Operation Huola. Yeah. That seems to be dead in the water now. Lasted about 72 hours.
I blame America. And the Fweddit mission statement, which kind of sums up America.
The Fweddit mission statement is pretty simple: To find good fights. It's not to PvE, it's not to orbit buttons for hours. People don't join Fweddit to do boring shit. There's boring shit to do all over EVE (hello, highsec), so we promise something different and better. If we're going to orbit buttons, then only for the sake of it delivering PvP. We promise fun. And we deliver on that regularly and consistently.
And for awhile, we did find quite a bit of PvP by orbiting buttons. We were ruling the USTZ roost. But when you rule the roost, you demoralize the enemy. When you demoralize the enemy, they stop coming out to play. What you're stuck with is orbiting buttons with no likelihood of PvP. Fweddit lives for PvP, because PvE on its own is not fun.
Around the 48th hour of Operation Huola an FC decided to take a break, to go on a short roam. No substantial fights had happened for a few hours, Late Night had docked up, and he figured the best way to recharge his fleet was to get them a few kills.
What happened is that they ended up in Isbrabata, home to Ushra'Khan [U'K]. We'd already had, with them, two of the best fights we'd had in months, pre-Retribution. The U'K good fights were only continuing post-Retribution. This is not the Late Night/Iron Oxide definition of a good fight -- three-to-one odds -- but a smack down brawl that has no clear outcome until the final minute. That is Fweddit's definition of a good fight.
So, a choice was presented to that FC. Hell, it was presented to all of Fweddit, because word of good fights spreads quickly. Continue orbiting buttons, and getting the odd fight here and there, or start roaming up to Isbrabata and bashing and banging with our new favourite bronemies (portmanteau: bros and enemies.)
There were still a couple of good fights left in the Huola campaign. The one-hour knockdown stalemate, for example, #yolocolo/Agony/PIE versus Late Night/Ushra'Khan. That was most certainly a good fight, by Fweddit's definition. But that sort of fight happens rarely, not a few times per day.
When it comes to the boring task of PvE plexing, the USTZ doesn't seem to have it in them to do much of it. That's goes equally for Fweddit, iLaw, and Late Night Alliance. You see about as much PvP-less plexing out of Late Night as you do out of Fweddit. The USTZ, for the most part, hates doing that shit.
The people that seem to really get into PvE plexing are EUTZ and the roleplayers.
Why roleplayers put up with orbiting buttons is an easy one. It's in-character. It's what their characters would be driven to do. Further the war effort and all that. At any cost, even if the cost is a lack of PvP and tonne of boredom. Furthering the war effort furthers the story they create for themselves.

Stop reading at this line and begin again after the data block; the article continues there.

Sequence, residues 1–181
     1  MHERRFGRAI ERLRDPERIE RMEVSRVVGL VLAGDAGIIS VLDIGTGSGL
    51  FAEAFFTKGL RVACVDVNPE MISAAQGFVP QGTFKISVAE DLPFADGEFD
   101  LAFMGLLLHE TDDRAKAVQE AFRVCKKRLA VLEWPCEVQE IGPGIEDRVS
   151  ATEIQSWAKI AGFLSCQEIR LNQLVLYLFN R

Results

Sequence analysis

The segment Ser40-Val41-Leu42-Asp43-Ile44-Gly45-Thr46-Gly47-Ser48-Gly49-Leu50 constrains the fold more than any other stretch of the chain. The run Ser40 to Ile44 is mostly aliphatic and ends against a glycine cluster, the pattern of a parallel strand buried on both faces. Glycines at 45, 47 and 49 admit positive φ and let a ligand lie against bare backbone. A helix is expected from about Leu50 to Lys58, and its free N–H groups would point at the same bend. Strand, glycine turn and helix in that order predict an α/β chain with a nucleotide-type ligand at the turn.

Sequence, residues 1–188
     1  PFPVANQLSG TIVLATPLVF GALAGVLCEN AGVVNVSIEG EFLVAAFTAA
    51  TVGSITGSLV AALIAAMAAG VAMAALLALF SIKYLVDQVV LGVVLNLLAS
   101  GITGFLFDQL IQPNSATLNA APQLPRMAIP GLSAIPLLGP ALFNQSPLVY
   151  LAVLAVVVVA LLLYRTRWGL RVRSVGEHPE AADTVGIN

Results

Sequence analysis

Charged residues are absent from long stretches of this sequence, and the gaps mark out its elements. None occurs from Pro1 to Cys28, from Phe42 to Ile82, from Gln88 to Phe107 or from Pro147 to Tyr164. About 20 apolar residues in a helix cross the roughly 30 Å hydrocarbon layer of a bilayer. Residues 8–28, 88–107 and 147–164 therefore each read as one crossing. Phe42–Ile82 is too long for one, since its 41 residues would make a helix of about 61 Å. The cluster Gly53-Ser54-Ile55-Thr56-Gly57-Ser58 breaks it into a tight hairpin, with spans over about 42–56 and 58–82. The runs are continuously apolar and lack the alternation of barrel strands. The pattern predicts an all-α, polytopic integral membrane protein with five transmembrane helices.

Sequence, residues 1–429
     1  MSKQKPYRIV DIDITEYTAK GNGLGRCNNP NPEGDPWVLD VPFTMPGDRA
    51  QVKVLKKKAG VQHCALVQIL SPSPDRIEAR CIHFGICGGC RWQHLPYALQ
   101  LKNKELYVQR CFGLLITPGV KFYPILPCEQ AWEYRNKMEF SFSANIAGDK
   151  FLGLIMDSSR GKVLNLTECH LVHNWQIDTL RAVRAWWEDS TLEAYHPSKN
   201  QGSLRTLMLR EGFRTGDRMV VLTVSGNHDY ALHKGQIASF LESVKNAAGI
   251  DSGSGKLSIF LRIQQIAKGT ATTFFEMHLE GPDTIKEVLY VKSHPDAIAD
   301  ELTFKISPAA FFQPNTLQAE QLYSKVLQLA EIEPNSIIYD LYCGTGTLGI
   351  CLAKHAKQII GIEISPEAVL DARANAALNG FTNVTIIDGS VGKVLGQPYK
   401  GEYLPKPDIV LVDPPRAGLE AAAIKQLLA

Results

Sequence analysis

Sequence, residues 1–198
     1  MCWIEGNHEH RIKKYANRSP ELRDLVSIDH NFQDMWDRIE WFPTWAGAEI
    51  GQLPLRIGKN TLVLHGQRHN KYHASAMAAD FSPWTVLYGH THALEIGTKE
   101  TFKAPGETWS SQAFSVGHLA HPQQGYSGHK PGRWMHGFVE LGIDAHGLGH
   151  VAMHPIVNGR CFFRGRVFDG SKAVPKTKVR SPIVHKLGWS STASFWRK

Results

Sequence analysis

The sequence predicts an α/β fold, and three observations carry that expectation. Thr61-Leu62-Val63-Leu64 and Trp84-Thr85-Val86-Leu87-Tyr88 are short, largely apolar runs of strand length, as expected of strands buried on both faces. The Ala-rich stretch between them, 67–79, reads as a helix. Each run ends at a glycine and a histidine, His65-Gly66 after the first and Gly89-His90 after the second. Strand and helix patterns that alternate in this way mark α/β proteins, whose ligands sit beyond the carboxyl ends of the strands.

As for the Europeans. I just think they've a long view of things. They're able to grasp the big picture. Maybe chalk it up to something cultural. Maybe because they've had long slogs in their past. Two world wars. Hundred year wars. That sort of thing. It's cultural DNA. Victory comes from hunkering down and making the long-term sacrifices. They understand that concept.
Americans, on the other hand, have little patience for the long haul conflict. If they've not won a war in the first ten minutes, then it's not a conflict they should have got involved with. The American cultural experience towards conflict is entirely different from the European cultural experience. Which explains the Fweddit mission statement: to get good fights. It's not about long-term objectives, it's about this moment right now and what can we get out of it.
So, occasionally Fweddit gets it in their craw that they can do long-term, forgetting that long-term has a shelf life of about 72 hours. They want their marathons to still be sprints. We're certainly capable of an actual marathon, we just don't seem to have the patience to actually complete one.
So, we're back to where we were. Holding what we have, looking out for the good fights. As a rallying cry, as motivation to log on and get in fleets, Operation Huola served it purpose. As anything beyond that, well, not so much.
In a few weeks, Fweddit might come up with some new long-term objective. Of course, after 72 hours, we'll set it aside because to declare "Mission Accomplished!" was going to take longer than 72 hours.
Fweddit. We're terrible at marathons, but we kick ass at the sprint.